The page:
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Climate experts criticize Scotland’s greenhouse emissions cuts strategy

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Committee on Climate Change says policies needed to reach 2050 goal of 90% reduction are too weak and ill thought out. Climate experts have warned the Scottish government its ambitious plans to cut greenhouse gas emissions lack credibility and risk stalling unless its strategies improve dramatically. The Committee on Climate Change (CCC) said the devolved government had so far led the UK in its efforts to cut emissions, reducing its actual CO2 emissions by 38% by 2015 compared with 35% at UK level. Scotland is now on the brink of meeting its 2020 target to cut emissions by 42% several years early. Nicola Sturgeon’s government is consulting on plans to set a fresh target of cutting emissions by 90% by 2050 but faces heavy criticism from anti-poverty charities and the Scottish Green party, who have urged the first minister to take faster, tougher action. The CCC, the UK’s government-funded advisory committee, said the policies needed to hit that target were too weak and ill thought out, singling out proposals in a draft plan to heavily cut emissions by sharply increasing low carbon home heating to 80% by 2032. Those were “very unlikely to be feasible”, it warned. The committee said ministers needed instead to put far greater emphasis on cutting the country’s rising transport emissions – an area largely neglected by the Scottish government until now. So Sturgeon’s proposals to dramatically increase the use of electric and ultra low emission vehicles by helping phase out sales of new petrol and diesel-powers vans and cars by 2032, outlined in her new programme for government earlier this month, were a significant step forward, it added. In an unusually critical progress report for the Scottish parliament, the CCC said: “Without firm new policies, reductions in Scottish emissions are unlikely to continue in the 2020s. The final version of Scotland’s plan should also build as fully as possible on the UK government’s clean growth plan, which will set out how UK emissions targets to 2032 will be met.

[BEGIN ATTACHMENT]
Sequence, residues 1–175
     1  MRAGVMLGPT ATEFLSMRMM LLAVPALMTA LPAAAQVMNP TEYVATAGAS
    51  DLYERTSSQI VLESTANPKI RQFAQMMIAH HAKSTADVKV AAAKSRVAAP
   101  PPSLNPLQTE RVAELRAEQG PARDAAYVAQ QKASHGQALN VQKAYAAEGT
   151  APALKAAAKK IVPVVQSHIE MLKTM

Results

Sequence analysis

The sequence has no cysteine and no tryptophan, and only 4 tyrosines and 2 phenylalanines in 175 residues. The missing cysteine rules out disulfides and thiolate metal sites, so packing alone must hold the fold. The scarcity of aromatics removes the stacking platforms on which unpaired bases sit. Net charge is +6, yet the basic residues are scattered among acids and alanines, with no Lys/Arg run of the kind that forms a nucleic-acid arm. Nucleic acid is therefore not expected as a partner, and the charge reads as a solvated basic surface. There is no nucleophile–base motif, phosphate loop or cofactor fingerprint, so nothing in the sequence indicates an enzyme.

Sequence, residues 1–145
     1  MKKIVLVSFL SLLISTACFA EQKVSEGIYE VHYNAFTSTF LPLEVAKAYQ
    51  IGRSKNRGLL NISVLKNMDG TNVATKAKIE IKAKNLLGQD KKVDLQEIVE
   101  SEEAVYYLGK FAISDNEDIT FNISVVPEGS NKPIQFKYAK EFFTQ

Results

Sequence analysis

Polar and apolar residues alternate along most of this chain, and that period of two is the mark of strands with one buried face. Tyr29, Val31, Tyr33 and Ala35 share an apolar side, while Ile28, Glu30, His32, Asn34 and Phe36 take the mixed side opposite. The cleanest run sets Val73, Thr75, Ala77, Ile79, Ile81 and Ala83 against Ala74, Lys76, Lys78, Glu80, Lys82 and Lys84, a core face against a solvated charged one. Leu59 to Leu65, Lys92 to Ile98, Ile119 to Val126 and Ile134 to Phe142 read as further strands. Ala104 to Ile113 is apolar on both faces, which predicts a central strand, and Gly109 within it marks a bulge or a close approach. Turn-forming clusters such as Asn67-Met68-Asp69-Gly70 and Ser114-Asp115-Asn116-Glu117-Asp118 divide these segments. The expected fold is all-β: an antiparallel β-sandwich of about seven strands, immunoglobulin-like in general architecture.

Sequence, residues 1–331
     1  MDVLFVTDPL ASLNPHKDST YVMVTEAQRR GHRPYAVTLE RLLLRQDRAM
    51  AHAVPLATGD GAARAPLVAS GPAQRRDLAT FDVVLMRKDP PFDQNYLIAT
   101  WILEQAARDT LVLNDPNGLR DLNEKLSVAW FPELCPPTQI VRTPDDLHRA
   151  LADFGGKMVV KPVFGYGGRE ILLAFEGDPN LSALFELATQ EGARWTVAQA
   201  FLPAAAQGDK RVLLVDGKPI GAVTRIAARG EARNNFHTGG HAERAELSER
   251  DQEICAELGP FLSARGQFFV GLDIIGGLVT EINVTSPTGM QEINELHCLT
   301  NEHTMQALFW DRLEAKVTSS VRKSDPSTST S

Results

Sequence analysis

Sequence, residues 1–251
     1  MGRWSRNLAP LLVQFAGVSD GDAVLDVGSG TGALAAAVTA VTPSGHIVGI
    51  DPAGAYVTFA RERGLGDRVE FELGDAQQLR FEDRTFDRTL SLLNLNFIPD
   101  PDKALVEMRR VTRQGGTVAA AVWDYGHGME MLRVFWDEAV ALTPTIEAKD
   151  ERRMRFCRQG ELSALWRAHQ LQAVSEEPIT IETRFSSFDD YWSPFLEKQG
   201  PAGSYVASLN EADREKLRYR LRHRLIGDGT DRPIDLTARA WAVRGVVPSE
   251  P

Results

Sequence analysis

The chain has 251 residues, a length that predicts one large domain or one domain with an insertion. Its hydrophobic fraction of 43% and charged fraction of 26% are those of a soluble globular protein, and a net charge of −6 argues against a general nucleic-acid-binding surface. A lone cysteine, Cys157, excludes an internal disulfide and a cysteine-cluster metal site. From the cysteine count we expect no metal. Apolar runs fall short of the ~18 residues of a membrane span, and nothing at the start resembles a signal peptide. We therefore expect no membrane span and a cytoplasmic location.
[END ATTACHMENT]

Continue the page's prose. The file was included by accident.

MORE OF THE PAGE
Posted by on Sep 26 2017. Filed under Climate change, News at Now. You can follow any responses to this entry through the RSS 2.0. You can leave a response or trackback to this entry

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